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A Sense of Community

By: Joanne Walker BA (hons) - Updated: 1 Jan 2013 | comments*Discuss
 
Community Communities Geography

Community is an odd word – most people will hear it and think of a geographical community, such as that found in a village, those who use the community centre and other community facilities. But community can mean any group of people who come together with a shared aim or idea.

At its heart, community is about people working together for the same outcomes – it is teamwork at its most organic as people generally come to a community freely and naturally, because they all want the same things.

The beautiful things about a community is that the people in it may have no other interests in common and would never have met the others were it for not this one shared thing. Thus, they can also celebrate each other’s differences and learn from them while enjoying whatever it is they have in common.

Geographical Communities

So, looking at geographical communities, we can see that for the most part, they do have a common aim. For those communities which work well and have good social cohesion, the people within it all want to protect their community and the place they live from outside influences.

In most communities, this happens on a day-to-day basis without too much effort. Events may be organised at community centres and village halls to raise money for local causes and provide a place for people to socialise but for the most part, life continues without major intervention.

However, when the community life is threatened for whatever reasons, a true community will spring into action. It could be that someone wants to build a nightclub in a residential area, or close the village pub. But if it is something that the community feels strongly about, then community action will leap into focus as people work together to fight the threat.

Communities with Shared Interests

Communities with shared interest may have members who do not see each other on a regular basis. They may be tiny or huge. But the one thing they all have in common is the shared interest which links them all – be it a hobby, a sport, a love of something in particular. In the case of huge groups, such as the footballing community, different subsets will spring up depending on the level of interests of the members and ability.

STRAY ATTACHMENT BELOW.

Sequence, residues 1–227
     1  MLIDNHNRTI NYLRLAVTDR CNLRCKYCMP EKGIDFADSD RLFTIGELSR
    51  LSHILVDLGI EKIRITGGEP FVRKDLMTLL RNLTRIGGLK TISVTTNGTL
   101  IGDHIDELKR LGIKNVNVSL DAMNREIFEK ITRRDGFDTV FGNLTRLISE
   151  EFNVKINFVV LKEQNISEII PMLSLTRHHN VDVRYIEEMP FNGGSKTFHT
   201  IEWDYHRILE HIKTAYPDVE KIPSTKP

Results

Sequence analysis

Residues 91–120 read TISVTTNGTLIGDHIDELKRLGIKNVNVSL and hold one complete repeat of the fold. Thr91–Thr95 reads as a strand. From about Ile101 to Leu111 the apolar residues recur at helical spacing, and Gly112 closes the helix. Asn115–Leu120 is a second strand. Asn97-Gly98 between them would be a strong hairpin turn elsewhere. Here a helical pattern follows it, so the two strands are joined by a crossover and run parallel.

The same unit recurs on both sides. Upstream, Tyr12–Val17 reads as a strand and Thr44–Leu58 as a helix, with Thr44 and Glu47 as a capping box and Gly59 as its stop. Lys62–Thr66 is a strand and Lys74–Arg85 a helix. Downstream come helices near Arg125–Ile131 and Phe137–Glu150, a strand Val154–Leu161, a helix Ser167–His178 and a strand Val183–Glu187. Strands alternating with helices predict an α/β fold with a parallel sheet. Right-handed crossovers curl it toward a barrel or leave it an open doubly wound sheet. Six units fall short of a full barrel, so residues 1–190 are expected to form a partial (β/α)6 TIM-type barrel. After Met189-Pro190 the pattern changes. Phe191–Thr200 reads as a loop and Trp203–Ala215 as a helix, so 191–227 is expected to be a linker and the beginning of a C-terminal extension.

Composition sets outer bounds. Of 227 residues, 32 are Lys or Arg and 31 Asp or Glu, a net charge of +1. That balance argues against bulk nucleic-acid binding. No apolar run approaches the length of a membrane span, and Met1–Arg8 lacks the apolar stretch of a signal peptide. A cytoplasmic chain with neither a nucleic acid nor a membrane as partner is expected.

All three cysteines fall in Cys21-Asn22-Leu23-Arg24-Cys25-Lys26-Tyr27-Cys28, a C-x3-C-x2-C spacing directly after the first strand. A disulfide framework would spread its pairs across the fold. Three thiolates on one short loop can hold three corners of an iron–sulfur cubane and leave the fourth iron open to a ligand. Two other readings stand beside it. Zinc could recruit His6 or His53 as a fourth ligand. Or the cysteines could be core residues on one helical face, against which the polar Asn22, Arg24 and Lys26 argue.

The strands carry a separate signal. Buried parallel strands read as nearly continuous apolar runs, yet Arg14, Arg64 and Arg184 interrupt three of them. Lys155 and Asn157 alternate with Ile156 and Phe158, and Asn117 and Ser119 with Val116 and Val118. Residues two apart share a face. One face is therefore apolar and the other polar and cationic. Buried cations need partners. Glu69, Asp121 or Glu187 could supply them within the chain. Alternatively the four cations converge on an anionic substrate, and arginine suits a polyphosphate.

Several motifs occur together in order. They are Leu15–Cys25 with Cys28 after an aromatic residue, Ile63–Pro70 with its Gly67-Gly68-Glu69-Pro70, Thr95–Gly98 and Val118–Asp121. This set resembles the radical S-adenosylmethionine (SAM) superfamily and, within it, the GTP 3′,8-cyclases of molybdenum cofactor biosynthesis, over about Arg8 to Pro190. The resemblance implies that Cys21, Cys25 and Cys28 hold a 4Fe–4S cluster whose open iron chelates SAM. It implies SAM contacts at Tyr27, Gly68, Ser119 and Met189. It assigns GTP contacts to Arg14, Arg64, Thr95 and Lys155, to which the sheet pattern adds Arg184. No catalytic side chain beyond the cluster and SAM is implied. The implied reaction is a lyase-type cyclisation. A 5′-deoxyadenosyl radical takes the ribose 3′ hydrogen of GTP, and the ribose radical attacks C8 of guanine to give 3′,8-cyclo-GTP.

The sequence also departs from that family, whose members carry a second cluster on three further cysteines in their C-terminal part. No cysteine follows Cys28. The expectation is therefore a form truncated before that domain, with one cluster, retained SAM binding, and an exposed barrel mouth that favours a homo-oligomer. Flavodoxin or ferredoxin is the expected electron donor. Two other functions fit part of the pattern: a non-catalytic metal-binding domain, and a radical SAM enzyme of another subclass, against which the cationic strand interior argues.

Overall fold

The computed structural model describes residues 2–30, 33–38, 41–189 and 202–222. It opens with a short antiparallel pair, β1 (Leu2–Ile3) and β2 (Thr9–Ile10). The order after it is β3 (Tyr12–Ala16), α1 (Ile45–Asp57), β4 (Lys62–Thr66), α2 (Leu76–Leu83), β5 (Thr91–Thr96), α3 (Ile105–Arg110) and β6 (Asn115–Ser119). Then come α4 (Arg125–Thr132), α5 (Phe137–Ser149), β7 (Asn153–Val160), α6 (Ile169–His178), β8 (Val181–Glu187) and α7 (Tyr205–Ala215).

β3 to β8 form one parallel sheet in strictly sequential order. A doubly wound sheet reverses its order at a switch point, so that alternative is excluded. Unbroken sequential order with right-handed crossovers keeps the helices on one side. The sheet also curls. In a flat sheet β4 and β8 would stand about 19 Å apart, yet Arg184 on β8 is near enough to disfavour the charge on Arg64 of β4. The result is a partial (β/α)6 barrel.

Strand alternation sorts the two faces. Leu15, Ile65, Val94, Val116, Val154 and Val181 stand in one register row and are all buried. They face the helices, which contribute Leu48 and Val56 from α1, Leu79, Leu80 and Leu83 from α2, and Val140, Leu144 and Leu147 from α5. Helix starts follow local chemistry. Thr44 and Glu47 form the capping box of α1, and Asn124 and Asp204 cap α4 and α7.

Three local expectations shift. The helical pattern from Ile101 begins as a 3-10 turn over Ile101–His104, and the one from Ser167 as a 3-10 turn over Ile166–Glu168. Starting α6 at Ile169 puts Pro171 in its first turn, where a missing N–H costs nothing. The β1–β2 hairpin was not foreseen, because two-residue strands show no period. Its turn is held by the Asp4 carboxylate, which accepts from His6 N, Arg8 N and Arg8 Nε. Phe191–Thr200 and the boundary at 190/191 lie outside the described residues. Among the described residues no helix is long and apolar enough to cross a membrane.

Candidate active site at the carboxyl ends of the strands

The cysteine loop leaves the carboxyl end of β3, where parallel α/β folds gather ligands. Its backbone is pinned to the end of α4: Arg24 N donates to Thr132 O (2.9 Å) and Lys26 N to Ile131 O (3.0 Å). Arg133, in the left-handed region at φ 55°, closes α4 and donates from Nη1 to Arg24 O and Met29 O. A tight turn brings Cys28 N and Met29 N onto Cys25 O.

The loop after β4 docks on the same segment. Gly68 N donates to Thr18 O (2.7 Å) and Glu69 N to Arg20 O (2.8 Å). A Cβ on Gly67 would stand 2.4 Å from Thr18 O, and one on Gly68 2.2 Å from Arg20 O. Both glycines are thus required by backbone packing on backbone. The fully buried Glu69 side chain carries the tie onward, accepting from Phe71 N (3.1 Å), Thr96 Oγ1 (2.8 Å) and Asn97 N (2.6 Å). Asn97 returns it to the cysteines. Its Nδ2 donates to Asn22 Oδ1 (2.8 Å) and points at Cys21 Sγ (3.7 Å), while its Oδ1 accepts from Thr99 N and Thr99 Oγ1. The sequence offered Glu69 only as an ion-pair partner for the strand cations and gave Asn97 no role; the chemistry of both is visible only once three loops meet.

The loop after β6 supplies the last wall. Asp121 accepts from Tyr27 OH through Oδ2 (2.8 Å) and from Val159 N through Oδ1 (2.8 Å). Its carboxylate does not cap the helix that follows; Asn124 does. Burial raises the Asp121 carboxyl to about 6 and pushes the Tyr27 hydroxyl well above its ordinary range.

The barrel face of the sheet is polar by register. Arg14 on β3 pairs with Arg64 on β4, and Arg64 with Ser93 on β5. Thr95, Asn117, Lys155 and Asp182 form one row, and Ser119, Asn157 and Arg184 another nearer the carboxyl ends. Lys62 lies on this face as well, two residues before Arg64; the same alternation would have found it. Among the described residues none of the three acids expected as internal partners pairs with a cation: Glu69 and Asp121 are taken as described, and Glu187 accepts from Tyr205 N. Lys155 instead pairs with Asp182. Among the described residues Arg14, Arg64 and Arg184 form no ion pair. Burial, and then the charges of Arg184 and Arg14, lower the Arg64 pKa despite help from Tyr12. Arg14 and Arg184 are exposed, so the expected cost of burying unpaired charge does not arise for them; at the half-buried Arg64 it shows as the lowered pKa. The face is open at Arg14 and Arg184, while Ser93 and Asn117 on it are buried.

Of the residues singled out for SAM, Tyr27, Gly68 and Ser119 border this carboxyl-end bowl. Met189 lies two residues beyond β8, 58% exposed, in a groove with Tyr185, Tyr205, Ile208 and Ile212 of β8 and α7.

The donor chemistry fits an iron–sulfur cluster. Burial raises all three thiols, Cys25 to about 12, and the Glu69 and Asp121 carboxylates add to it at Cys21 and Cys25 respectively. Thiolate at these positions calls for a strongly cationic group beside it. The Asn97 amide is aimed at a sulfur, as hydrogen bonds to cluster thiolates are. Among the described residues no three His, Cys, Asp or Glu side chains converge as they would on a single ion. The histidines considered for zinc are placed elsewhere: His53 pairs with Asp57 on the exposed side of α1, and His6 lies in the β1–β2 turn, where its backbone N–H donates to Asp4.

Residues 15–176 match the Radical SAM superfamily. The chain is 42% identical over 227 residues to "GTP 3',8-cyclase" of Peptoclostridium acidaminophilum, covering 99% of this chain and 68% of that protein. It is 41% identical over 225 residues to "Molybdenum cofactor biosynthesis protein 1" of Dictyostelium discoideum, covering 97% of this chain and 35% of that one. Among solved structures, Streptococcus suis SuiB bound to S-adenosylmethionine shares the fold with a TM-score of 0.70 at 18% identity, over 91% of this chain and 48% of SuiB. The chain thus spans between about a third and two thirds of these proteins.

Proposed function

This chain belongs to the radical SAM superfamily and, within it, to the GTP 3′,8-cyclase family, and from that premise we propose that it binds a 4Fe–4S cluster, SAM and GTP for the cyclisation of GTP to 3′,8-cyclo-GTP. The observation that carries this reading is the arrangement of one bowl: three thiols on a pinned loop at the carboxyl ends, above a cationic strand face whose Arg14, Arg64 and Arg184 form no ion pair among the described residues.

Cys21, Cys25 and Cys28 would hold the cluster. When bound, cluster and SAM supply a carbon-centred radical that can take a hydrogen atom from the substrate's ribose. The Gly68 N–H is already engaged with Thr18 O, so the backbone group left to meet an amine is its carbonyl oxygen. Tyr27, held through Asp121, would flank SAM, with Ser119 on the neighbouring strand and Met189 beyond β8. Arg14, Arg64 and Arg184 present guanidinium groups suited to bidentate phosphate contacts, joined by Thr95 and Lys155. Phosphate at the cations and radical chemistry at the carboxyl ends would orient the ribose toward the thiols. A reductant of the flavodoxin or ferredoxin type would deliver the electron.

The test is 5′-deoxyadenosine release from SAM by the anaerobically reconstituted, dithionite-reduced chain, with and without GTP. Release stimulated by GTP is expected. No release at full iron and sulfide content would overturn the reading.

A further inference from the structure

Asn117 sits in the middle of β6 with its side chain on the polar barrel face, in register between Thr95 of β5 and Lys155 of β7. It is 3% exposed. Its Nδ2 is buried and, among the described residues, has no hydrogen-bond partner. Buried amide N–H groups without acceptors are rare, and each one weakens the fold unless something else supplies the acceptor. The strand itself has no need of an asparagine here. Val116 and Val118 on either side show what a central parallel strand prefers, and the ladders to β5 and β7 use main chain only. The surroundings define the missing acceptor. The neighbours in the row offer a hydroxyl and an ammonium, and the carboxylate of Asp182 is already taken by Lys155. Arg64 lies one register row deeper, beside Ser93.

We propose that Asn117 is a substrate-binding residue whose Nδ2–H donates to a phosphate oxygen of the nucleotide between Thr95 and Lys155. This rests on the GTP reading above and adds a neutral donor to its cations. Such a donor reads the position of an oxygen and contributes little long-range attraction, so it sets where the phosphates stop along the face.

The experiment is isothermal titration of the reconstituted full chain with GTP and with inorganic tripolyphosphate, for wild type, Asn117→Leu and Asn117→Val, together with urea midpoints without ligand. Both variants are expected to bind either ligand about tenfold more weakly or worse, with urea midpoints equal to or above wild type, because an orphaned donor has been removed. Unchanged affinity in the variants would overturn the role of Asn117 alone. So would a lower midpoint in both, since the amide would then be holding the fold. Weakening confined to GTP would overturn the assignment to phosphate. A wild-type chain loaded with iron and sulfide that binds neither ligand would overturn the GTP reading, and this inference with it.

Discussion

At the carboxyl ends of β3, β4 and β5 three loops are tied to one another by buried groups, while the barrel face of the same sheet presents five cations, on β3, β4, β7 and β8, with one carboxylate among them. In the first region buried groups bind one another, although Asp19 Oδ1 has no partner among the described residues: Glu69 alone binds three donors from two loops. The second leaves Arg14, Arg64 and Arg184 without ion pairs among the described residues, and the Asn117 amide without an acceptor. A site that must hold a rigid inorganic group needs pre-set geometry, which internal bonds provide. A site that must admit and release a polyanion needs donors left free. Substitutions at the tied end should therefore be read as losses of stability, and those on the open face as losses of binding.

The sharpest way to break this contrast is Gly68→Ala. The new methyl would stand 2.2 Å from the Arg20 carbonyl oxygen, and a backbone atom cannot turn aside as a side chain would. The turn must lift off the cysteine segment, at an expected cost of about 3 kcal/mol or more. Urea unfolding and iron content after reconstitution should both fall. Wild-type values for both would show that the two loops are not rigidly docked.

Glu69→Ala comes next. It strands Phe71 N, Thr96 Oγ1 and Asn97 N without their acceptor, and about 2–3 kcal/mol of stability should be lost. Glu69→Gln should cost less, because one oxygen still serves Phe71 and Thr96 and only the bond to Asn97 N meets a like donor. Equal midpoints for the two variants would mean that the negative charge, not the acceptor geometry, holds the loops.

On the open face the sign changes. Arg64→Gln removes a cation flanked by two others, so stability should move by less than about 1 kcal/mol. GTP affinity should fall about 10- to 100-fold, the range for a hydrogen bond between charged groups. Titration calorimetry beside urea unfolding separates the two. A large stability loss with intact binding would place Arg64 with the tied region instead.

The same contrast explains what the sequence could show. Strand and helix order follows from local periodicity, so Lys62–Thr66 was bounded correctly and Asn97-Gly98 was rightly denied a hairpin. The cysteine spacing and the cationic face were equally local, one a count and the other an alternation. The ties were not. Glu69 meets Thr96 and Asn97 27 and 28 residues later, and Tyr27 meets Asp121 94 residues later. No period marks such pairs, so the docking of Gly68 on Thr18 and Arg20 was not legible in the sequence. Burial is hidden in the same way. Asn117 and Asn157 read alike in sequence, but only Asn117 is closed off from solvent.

But within a community like this there will be notable things. Members will always have something to talk about when they meet and may then develop friendships and relationships from this starting point. Members will also have certain terms which are used only in that community which will be understood by other members even if they have never met before. And there will usually be events, much like in geographic communities, where people can get to know others with the same interests.

Online Communities

A third type of community has sprung up in recent years. This is the online community. The online community can grow up around something as simple as a shared appreciation for a certain performer. But again, once people have been drawn together in chatrooms and forums, they begin to get to know each other and form friendships.

Many of these communities may never meet but may talk every night. Others will meet and form ‘real life’ friendships as well. There is a certain amount of scepticism amongst some people for these communities, but what better way to meet people with diverse backgrounds and interests but with one common link?

Well functioning communities are vital to the well being of society. Without communities, we would all be living isolated lives with little or no contact with those outside our immediate circle. No one says that members of a community have to become bosom buddies. But getting to know new people who you may never have met through work and family is vital to everyone and brings a richer experience to anyone’s life.

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